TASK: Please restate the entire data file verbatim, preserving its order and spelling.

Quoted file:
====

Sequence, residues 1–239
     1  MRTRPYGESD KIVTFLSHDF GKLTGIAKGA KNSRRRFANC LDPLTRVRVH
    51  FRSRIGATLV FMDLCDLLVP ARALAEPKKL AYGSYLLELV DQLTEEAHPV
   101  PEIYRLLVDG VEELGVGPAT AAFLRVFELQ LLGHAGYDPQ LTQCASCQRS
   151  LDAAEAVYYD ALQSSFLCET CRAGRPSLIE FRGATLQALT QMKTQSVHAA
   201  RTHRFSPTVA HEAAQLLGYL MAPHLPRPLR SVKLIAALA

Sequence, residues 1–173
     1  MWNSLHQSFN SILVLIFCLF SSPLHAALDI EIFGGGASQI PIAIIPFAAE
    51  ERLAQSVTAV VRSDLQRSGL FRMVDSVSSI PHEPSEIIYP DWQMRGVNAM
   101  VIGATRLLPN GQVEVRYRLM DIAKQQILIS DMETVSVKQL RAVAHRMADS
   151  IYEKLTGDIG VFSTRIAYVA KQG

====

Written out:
Sequence, residues 1–239
     1  MRTRPYGESD KIVTFLSHDF GKLTGIAKGA KNSRRRFANC LDPLTRVRVH
    51  FRSRIGATLV FMDLCDLLVP ARALAEPKKL AYGSYLLELV DQLTEEAHPV
   101  PEIYRLLVDG VEELGVGPAT AAFLRVFELQ LLGHAGYDPQ LTQCASCQRS
   151  LDAAEAVYYD ALQSSFLCET CRAGRPSLIE FRGATLQALT QMKTQSVHAA
   201  RTHRFSPTVA HEAAQLLGYL MAPHLPRPLR SVKLIAALA

Sequence, residues 1–173
     1  MWNSLHQSFN SILVLIFCLF SSPLHAALDI EIFGGGASQI PIAIIPFAAE
    51  ERLAQSVTAV VRSDLQRSGL FRMVDSVSSI PHEPSEIIYP DWQMRGVNAM
   101  VIGATRLLPN GQVEVRYRLM DIAKQQILIS DMETVSVKQL RAVAHRMADS
   151  IYEKLTGDIG VFSTRIAYVA KQG